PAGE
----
6. The Jam
"Hopefully I'll never be that skint" is how The Jam's one-time leader, Paul Weller, shot down the notion the trio would ever reform. Weller is a huge figure in UK music —hailed as the Modfather, the man who begat Brit-pop— and his refusal to take the easy cash of the reunion circuit comes, in part, because he's hardly lacked for post-Jam success. Rather that rest his laurels on, like, "That's Entertainment," Weller has kept on working, without a break, since The Jam's 1982 breakup; spending a decade fronting the Style Council, then over two decades as a solo artist. To go back to a band that ended, acrimoniously, in 1982, would be an act of defeat. And, given Weller and Bruce Hoxton didn't speak for over 20 years, an act of unlikely reconciliation.
7. The Smiths
No one has been more dismissive of reformations than legendary Smiths
frontman Morrissey. In 2006, he stated: "I would rather eat my own testicles than reform The Smiths, and that's saying something for a vegetarian." Yet due to The Smiths' rabid army of fans and towering stature in indie music, reunion rumors persist; in spite of the fact that there was a poisonous seven-year court-case fought by ex-rhythm-section Andy Rourke and Mike Joyce for a greater cut of royalties ("if you come across any Smiths CDs, don't buy them, because all the money goes to that wretched drummer," Morrissey would later quip). At least persistent rumors lead to further entertaining denials from Morrissey. "What's the point?" he wondered, in 2009. "Just to satisfy other people's nostalgia?"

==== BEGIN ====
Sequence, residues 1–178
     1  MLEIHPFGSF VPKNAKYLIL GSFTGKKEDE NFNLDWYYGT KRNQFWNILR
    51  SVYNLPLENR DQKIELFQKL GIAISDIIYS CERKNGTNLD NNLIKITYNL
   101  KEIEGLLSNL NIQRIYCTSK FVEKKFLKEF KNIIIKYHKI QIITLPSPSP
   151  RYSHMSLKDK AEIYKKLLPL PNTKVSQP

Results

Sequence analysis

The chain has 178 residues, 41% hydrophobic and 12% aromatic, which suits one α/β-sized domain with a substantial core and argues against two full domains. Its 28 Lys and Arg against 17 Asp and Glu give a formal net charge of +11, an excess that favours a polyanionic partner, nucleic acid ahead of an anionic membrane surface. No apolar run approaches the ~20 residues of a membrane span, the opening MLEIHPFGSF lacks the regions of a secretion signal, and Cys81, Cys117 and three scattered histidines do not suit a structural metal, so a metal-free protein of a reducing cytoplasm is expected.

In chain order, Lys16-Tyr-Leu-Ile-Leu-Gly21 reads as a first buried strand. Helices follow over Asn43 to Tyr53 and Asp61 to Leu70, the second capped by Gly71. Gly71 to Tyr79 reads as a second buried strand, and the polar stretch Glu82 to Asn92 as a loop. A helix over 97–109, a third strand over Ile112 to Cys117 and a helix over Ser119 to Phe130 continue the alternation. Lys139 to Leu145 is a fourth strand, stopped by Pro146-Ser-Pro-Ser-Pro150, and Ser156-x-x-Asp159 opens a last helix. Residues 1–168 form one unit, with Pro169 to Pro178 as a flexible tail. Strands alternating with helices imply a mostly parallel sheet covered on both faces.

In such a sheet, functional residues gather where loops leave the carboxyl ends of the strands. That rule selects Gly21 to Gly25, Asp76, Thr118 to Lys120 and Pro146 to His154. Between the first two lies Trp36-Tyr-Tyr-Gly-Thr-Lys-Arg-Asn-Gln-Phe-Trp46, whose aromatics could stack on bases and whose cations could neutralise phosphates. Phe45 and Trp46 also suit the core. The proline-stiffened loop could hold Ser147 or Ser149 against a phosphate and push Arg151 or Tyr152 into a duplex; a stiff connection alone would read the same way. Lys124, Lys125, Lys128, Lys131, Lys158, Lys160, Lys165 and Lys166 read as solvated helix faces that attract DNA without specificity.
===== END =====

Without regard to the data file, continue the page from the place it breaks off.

8. Spacemen 3
's breakup became the stuff of legend when it played out on record. Their fourth and final LP, 1991's Recurring
, is famously divided in half: Side A the work of Pete 'Sonic Boom' Kember, Side B the work of Jason 'J. Spacemen' Pierce. By then, their once-fractured relationship had broken completely; each had already debuted their own projects —Kember as Spectrum, Pierce leading Spiritualized
— and began bad-mouthing each other. Years later, the rift hasn't healed, and Pierce has refused to even entertain a reunion. "The talk's always about reforming bands," he told me in 2008
. "[It's] become its own industry: the original line-up, the original members. What lengths can this be taken to? The original audience? The original sound-man? Who cares!"
9. Talking Heads
Technically, Talking Heads have already reformed, playing three songs on stage together at their Rock and Roll Hall of Fame induction ceremony in 2002. It was the first time they'd shared a stage since 1991, when the band fell apart amidst personal and artistic acrimony. The division was between leader David Byrne and the rest of the band; with disputes over songwriting credits and attendant royalties. In 1996, the other three —Tina Weymouth, Chris Frantz, and Jerry Harrison— made a notably Byrne-free album as The Heads (No Talking, Just Head), and Weymouth has called Byrne an egotist "incapable of returning friendship." When Byrne was approached regarding a possible reunion tour in 2004, he requested that he never be asked about it again.
10. The Teardrop Explodes
The Teardrop Explodes
The recording sessions for The Teardrop Explodes' abandoned 1982 album are the stuff of myth; the deals of extreme 'creative tensions' taking on the qualities of post-punk legend. After all, when one member (Gary Dwyer) ends up chasing another (David Balfe) across Welsh hillsides with a loaded shotgun. The band's leader, Julian Cope —who recounted the soap-operatic breakup in his memoir Head On— loathed the 'lost' recordings, and throughout his solo career, has treated the idea of reformation with complete disdain. "Would you ever return to having your mother wipe your asshole?" Cope once infamously said; pointing to all he's done since —solo albums, music criticism, archaeological study— as refusal to wallow in the past.